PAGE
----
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What would be the best way to unpopulate the earth

Posted May 2, '13 at 2:41pm

partydevil

partydevil

5,091 posts

A 2001 estimate made by the Department of Economic an Social Affairs had a maximum estimate at 16 billion.as the carrying capacity for the planet.

yea i know 25 and 100 were actually to much.
i didn't dig into actual numbers this time. =)

While an initial set up would require bringing the resources from earth up there, there is the possibility to develop self sustaining space colonies.

but not solving the overpopulation on this planet any time soon.
we will hit our cap before these things can be realized.

 

Posted May 2, '13 at 3:17pm

MageGrayWolf

MageGrayWolf

9,667 posts

Knight

but not solving the overpopulation on this planet any time soon.
we will hit our cap before these things can be realized.

How long do you think we have to go before we develop such means to achieve such a goals?

It's estimated we will reach around 10 billion by 2050. So we may have until last 20xx before we hit the estimated carrying capacity. While NASA has been defunded and the US is sitting here with their thumbs up their butts waiting to play catch up. Other 2nd and 3rd world countries and the private sector have been in a space race that could drive such technology to a basic level where we can in that time.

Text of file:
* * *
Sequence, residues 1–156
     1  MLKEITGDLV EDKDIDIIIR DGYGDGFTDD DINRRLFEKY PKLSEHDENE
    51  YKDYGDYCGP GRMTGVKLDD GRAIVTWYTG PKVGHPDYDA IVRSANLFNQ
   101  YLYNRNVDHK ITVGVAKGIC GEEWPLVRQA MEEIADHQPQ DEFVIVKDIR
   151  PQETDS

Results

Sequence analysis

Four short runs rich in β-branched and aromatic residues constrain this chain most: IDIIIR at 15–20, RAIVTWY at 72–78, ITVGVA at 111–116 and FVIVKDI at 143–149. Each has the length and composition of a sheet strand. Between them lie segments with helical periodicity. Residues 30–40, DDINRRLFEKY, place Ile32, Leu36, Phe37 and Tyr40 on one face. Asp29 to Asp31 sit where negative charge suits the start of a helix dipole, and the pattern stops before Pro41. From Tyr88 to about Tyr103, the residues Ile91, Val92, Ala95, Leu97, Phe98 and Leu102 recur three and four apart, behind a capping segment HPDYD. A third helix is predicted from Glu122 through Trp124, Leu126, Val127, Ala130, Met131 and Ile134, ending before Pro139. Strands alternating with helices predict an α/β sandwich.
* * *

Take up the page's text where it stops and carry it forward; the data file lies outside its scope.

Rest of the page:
Posted May 2, '13 at 3:35pm

partydevil

partydevil

5,091 posts

It's estimated we will reach around 10 billion by 2050. So we may have until last 20xx before we hit the estimated carrying capacity. While NASA has been defunded and the US is sitting here with their thumbs up their butts waiting to play catch up. Other 2nd and 3rd world countries and the private sector have been in a space race that could drive such technology to a basic level where we can in that time.

that we have the technology doesn't mean that it is there yet. or that it is growing in a few year.
neither mars or venus fall in the habitable zone of our sun so we have to builld greenhouses. the materials to build greenhouses have to come from earth. by the time we have enough materials send over to start building a place where people can live. i guess we will be about a 100 year in the future.

the plans of the 14 biggest space agency's is that we start colonizing mars whit robots by 2033. befor that colonization is done and ready for humans to take a look. we certainly are atleast past 2060.

not to mention that the resources needed to build these colonies will increase that what we ask from our planet.

also funny you call it a space race. since it is no race anymore ;)

 

Posted May 2, '13 at 9:40pm

MageGrayWolf

MageGrayWolf

9,667 posts

Knight

that we have the technology doesn't mean that it is there yet.

Though we do tend to hurry along the use of technology when we absolutely need to.

neither mars or venus fall in the habitable zone of our sun so we have to builld greenhouses.

They don't need to be, We would be far better of setting up a colony on space stations.

the materials to build greenhouses have to come from earth. by the time we have enough materials send over to start building a place where people can live. i guess we will be about a 100 year in the future.